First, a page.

Many people regard nut loaf with with a number of prejudices and stereotypes: that it's some kind of vegan penance for wanting to eat meat, that it's what vegans eat when they are called upon, against their wills, to celebrate with food, or what they used to eat before they had nice proprietary food from Whole Foods that made you not miss meat at all, at all.
Actually, nut loaf is one of the best luncheon/supper/light dinner recipes out there. (High tea fans might just find it good, as well.) In its classic form, less gluten-free vegan than an egg dish with breadcrumbs and a dairy sauce, it’s really just…what can I say? Nice. Fun. Indulgent, even, if you were the kid who always wondered why the grownups told you that you could only eat just a few nuts, or olives before dinner …Well, here you are. You can eat nuts to your hearts content, and no one will tell you you’re wrecking your appetite.
One of the things that will help is a food processor/minichopper. You’re going to have to do a lot of chopping.
1 cup celery, finely chopped
1/2 cup onions, finely shredded.
1/2 pepper, finely chopped
1 1/4 cup of chopped tomatoes
2 T vegetable oil
adding veggies one by one, until browned and a little dry.
Then place in a bowl:
3/4 cup walnuts, finely chopped (optional: brown them first, with the veggies)
1 cup breadcrumbs (from wholewheat, artisan, or other righteous bread optional: ditto)
(optional) 1/4 cup wheat germ
1 egg, slightly beaten
1 T. flat parsley, chopped fine
1 T. summer savory or herbs de province
1 t. seasoned salt (Vege-sal, or Spike, or...)
Add sautéed ingredients to dry ones, moistening with a little water, vegetable stock or V-8 juice if necessary. Mix well, pressing into a buttered, floured loaf pan.
Bake for 45 minutes at 350 F.
While you’re doing that, make some
Saute 8 oz mushrooms,
cut small, until dry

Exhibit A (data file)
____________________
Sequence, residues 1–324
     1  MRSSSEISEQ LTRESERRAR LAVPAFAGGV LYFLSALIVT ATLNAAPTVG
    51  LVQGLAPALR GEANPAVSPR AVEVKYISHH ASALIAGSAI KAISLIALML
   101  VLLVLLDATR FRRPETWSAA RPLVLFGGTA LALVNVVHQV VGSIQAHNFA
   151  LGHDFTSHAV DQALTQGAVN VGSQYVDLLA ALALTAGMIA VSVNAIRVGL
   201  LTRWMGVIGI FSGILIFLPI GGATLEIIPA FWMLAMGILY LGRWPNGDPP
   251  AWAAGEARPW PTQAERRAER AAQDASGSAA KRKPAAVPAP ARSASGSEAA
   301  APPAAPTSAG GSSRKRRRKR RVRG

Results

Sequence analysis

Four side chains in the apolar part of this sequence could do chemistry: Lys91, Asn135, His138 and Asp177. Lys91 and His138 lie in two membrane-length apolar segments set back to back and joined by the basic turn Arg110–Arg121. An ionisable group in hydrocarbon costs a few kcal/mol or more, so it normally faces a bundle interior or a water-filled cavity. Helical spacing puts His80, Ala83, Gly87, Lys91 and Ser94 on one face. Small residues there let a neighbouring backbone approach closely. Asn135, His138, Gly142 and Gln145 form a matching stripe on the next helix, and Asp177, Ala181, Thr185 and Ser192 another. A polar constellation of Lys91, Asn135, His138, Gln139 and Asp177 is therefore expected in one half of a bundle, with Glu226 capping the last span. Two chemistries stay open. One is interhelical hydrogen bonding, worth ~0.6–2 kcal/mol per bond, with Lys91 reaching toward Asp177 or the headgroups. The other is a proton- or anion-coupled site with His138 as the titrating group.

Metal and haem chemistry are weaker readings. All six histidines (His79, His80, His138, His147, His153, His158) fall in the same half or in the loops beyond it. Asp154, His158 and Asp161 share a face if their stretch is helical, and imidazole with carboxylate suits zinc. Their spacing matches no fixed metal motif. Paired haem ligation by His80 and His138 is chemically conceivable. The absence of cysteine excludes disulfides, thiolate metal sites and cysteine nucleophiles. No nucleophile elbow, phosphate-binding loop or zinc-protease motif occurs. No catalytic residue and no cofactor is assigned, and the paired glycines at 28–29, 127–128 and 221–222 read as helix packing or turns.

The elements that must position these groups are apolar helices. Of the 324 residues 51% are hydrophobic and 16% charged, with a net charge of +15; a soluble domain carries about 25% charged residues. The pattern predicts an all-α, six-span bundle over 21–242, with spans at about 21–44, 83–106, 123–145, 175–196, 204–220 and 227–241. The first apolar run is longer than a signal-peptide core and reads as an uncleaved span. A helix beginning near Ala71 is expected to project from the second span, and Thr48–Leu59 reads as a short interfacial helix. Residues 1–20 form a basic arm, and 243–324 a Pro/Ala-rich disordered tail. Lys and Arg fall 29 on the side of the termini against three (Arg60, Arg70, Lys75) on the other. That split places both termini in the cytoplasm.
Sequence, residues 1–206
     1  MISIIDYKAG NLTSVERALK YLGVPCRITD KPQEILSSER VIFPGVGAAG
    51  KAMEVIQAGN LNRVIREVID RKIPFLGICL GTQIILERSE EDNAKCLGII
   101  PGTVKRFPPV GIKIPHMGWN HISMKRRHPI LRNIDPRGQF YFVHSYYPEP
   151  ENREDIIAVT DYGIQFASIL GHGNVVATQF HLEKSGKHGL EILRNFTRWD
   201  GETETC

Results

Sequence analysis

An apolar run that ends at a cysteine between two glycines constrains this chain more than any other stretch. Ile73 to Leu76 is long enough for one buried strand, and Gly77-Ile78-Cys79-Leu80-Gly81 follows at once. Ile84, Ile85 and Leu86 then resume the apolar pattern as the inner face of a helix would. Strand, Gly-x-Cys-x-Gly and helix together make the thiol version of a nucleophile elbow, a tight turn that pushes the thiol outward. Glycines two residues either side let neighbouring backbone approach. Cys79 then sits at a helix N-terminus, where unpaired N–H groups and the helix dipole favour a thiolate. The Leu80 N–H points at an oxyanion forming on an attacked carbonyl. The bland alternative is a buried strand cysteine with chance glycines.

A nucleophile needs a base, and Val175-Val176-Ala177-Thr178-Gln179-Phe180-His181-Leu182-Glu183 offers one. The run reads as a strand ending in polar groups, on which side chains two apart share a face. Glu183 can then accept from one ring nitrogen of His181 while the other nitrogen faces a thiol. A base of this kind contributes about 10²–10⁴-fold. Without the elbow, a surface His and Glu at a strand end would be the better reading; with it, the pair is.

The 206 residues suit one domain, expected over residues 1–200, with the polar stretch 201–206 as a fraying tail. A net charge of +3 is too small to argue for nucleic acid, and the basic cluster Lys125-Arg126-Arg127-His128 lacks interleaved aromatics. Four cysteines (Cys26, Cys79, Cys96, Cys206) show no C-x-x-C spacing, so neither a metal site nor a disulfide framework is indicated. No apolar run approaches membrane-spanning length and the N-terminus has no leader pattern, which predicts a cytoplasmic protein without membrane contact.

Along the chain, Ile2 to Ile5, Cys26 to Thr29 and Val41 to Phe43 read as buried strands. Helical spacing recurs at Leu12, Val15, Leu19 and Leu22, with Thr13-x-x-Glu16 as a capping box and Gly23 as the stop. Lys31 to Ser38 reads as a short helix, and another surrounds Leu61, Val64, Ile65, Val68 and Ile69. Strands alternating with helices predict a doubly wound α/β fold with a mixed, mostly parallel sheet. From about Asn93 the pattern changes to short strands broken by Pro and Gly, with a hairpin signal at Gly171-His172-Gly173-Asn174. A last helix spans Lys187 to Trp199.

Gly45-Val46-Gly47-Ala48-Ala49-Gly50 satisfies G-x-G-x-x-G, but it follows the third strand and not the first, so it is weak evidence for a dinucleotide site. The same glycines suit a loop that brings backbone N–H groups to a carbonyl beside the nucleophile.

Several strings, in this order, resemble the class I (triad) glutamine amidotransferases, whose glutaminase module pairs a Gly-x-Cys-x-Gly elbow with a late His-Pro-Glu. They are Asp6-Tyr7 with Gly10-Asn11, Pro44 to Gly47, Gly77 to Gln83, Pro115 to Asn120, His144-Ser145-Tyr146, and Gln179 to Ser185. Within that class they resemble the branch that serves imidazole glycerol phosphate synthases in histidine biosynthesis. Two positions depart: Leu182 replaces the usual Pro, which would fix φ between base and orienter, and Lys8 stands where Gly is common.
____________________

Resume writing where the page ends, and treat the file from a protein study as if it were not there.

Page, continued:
2 T butter (or olive oil)
Add 2 T. finely minced onion and/or carrot
2 T whole wheat flour
Then add, slowly,
1 cup vegetable stock,
stirring until smooth.
(Optional: run through blender and/or add 1/2 cup cream.)
Turn heat off.
Serve as you would meatloaf, with potatoes, and a side vegetable and fruit dessert for dinner, by itself with soup/salad/fruit and cheese for an interesting lunch. Leftovers are nice over noodles or toast, especially with sauce....
If you feel like experimenting, you might add the mushrooms (with a pinch of thyme) into the loaf itself, or a 1/2 cup of olives, or try a cheese layer, or more eggs, blended into the mix, or hard-boiled and whole. Non egg people might want the cheese, about 1/2 C, instead. No Gluten people might like brown/wild rice. (And that's where I part company with the current wisdom of Our Tastes at All Cost. If you want to play with xanthan gum, fake eggs, and almond milk, you're welcome, but this early 20th century Lent/Depression/Ration point/Health food classic deserves its own kind of respect.) Some people might like theirs with lemon and parsley butter. And of course, you can make it with different herbs and spices: dill or nutmeg for a Norden feel, Italian seasoning, a hint of curry, Moroccan, Thai....
Anyway, Bon appetit!